Yes! I hear what you say. Thanks for engaging. I see similar things, and I find this ‘infighting’ and picking sides stuff often a total mindfuck. i experience these times as super confusing times, as no doubt many others are too.
I’m wondering if you have heard of Coalescism as described by raisondecalcul? Excuse the long quote - I find this description very beautiful and I use it to challenge myself to look closer. it’s an idea I often find myself coming back to:
A major problem with activism, and political and human relations in general, is schism. Countless organizations, subcultures, and microdemgraphics are constantly shearing-off and presenting themselves as wholes, but as distinct from every other whole, especially those most similar to them. Demographic marketers participate in this, researching for trends in advertizing data, and then explicitly inventing and then reifying entirely new microdemographics. The mass invention of new ways to distinguish ourselves from others on the basis of superficial traits has become such a pervasive, toxic mode of relating that it is now routine to make fun of it […]
Activism especially has this problem—tell me, why haven’t activists already solved all the problems? It’s because their organizational structure is almost entirely based on a politics of schisms and infighting, and this tendency is constantly encouraged—and activist communities are constantly attacked—to maximize the number of schisms and factious sub-movements which defect from any unified front. This tendency has reached its nadir with the news coverage of the Occupy protests in 2011, which accused the protesters—who were, quite correctly, mad at a whole host of injustices—of being “unfocused” or vague in their articulation of issues. However, this is exactly what a functional activism movement might look like to outsiders—there are many injustices, many ways that people have been harmed, many things that must be corrected—and compared to this complexity, the singular Justice is quite simple, but unspeakable to those who disagree with justice as an end. In their good intentions, however, those committed to justice are aligned, and find it easy to communicate. It is only the mistaken assumption that an activist movement should have a clear, specific, tiny reason for its existence which makes people accuse Occupy of being vague.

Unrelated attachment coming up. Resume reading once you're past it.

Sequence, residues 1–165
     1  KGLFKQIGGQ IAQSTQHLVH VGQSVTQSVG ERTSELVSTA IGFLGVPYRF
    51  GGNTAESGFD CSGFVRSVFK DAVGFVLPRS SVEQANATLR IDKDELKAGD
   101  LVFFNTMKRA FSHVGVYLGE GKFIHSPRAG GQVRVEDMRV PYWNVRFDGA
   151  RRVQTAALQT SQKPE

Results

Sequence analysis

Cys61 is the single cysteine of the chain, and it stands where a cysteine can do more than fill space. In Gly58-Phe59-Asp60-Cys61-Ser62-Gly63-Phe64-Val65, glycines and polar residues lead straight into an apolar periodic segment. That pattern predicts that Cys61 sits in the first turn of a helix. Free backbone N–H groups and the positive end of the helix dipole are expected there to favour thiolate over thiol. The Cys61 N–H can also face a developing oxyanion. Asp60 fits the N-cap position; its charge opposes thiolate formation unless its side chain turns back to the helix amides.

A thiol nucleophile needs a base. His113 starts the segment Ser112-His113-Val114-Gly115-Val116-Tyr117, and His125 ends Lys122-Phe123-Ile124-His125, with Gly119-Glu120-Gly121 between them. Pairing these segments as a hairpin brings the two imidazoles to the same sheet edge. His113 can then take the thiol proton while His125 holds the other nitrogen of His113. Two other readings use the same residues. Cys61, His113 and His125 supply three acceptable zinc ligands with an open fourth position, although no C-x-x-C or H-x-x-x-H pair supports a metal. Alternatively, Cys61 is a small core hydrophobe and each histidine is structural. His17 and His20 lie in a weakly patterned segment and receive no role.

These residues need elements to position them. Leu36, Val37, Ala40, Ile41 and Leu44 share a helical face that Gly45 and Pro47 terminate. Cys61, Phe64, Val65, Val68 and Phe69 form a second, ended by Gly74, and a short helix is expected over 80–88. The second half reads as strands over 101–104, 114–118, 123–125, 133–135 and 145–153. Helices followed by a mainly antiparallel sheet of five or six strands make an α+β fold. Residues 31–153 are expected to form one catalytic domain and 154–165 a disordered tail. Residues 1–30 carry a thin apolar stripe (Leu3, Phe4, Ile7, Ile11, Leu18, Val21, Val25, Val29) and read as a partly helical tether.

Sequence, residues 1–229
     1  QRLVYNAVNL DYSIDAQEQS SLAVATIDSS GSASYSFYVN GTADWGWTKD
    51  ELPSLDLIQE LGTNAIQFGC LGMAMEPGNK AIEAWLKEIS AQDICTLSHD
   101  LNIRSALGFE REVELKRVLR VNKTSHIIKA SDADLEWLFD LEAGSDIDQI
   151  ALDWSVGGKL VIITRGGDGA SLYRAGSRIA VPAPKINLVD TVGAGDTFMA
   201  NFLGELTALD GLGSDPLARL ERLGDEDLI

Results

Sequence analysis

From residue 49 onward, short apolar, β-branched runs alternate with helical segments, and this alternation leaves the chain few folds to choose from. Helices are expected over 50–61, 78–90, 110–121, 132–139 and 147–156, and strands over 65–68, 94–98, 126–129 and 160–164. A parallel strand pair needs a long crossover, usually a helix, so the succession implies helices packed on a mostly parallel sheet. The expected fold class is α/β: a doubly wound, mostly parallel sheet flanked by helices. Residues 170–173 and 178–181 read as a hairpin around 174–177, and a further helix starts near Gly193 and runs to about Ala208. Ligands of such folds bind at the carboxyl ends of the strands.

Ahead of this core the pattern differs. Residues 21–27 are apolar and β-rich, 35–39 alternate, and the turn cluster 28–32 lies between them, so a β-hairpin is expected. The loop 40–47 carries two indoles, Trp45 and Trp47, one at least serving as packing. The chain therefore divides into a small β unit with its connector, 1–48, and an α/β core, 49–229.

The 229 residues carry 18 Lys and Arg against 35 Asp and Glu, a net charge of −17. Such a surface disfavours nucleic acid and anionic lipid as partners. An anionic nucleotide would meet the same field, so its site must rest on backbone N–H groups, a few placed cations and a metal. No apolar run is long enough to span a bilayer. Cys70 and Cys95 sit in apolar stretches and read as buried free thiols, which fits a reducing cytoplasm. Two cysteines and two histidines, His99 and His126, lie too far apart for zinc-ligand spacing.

First, there is the assumption holographic or stigmergic cooperation: We assume that “the Others” are already out there and already working with us. We assume that those others […] are working to find us, to meet us, to exchange notes, and to build together the larger movement we have co-discovered.
Second, there is the assumption that any conflict, any disagreement or difference in political stances, is illusory, and due merely to an artifact of language. This is a very powerful assumption which grants benefit of doubt to the other—maybe this person seems aligned against my interests, maybe they speak in a way which seems hateful, but I must assume that they are a compassionate, intelligent being who is trying to say and do the best they can to help themselves and those they care about, and, if they are engaging in political discoures, presumably the entire world as well.
This assumption—which can never be disproven—allows one to delay foreclosing on political discussion, in favor of exploding outward the political disagreements and misalignments which cause conflicts (schisming and infighting). These exploded, extended discussions can then explore systematically each point of difference, defering disagreements indefinitely as a difference in terms. The result of assuming that disagreement is an illusion is that conversations can continue until differences in terminology are dethreaded, collated, then rethreaded (like fixing a stuck zipper), revealing deep underlying agreement in values, which was merely obscured by superficial stances taken in significating terminology. This process undoes identity politics and builds deep bridges between conflicting ideologies.
Coelescism is the practice and the idea that we are all already working together, and that the only way we can “save the world” is to recognize this fact. If, after we have formed a very large bloc of cooperaters, we find a few people who are genuinely antithetical to cooperation or ongoing communication, well, then we know who the hostile actors are.
I have never known this form of communication to fail, because it does not ever end, but always proceeds through the extension of oneself through the development of additional compassions. Others may convince themselves that we are their enemy and leave the conversation, but if we are convinced that they are a friend, it is always possible to extend ourselves and find a new perspective from which to respect the other, and to delicately attempt to continue the conversation, dethreading disagreements as differences in terms as we go.
This is the glass bead game.
I think your Orwell quote and raisondecalcul’s writing complement each other super nicely. I’ll take a look at this Orwell essay! Thanks for sharing